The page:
Back in late August I was in Bristol for a meeting. So I took the opportunity of visiting a few Marilyns in north Somerset, west Gloucestershire and Herefordshire. The forecast was promising but the reality did not quite turn out that way. Ah well, never mind!
My meeting finished at around 3.30pm and so I battled my way out through the Bristol traffic to Dundry Down. This is the first high ground to the south of Bristol. I reckoned that I must have been up on this hill when I lived in Bristol, but I could not be sure. So a visit was called for. There is a small car park near the church in Dundry village. The view is actually not bad out over Bristol but is was a bit hazy when I was there. I could see the city spread out before me, including the Clifton Suspension Bridge and my location on many a Saturday afternoon after school games at Failand, Ashton Gate.
In the good old days I could get into Bristol City matches for half time. Gates were opened then and I could access the terraces for free. This seemed to be tolerated. So I saw the second half of many a game.
Anyway, back to the matter in hand. There is a public bridleway by the car park that leads towards some communications towers. There is a split in the path and the less obvious route up to the tower is taken. One then passes through a gate into the fringes of a farmyard and then immediately turns right. This must be one of the most unsightly summits in the UK with farm detritus spread everywhere and weeds and nettles aplenty. The top is a trig point on what looks to be a heap of spoil. I did not spend much time there. Technically one is trespassing at this point. Just enough time to get a photo and I was off.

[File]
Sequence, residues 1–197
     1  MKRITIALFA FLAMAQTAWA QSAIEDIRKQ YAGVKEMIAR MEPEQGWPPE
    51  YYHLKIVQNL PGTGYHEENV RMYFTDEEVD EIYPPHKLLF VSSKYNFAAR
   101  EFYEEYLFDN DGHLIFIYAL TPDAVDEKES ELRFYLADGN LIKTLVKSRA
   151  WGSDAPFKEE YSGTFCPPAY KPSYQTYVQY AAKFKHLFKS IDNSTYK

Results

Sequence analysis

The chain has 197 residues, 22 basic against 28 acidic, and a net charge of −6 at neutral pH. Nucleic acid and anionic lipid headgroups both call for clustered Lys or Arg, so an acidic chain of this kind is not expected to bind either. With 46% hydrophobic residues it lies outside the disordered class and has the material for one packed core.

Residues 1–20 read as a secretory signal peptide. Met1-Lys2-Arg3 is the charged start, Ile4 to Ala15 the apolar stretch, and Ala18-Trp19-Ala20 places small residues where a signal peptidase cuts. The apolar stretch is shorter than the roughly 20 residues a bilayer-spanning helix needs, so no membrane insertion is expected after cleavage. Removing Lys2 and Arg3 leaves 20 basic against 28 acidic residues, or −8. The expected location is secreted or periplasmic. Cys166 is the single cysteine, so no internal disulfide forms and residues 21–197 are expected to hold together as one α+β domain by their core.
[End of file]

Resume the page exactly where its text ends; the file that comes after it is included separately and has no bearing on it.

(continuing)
Next up was Beacon Batch. This is the highest point in the Mendip Hills and is located not far from Bristol airport. I was hoping to get good views over the Bristol Channel but the murk was closing in. I parked on the B3134 near Ellick Farm and followed the bridleway south and uphill. You are on to open common land quite soon and there is a network of official and unofficial trails through the heather. The summit is a trig point on a mound and the summit area is riddled with tumuli.
The summit is an ancient monument, though this does not seem to be respected by mountain bike riders given the scars they have left. The clouds were drawing in. It was as well that I was quickly down because it began to rain almost as soon as I was back at the car.
Now I had a bit of a drive north to the Forest of Dean. I stayed in a B&B at Upper Lydbrook. My drive took me past a few other sights from my youth – the original Severn Bridge, the Wye Valley and Tintern Abbey. I got myself a pasty and chips and planned the next day’s climbs.
“Climb” is somewhat of a misnomer for this hill. I am sure that views could be had from it, but the fog was down and I drove to within 20 metres of the top.
It is the highest point in the Forest of Dean. But much more interest can be found 400m away where there is a beacon and a sculpture celebrating the miners of the mining industry that used to thrive in the area.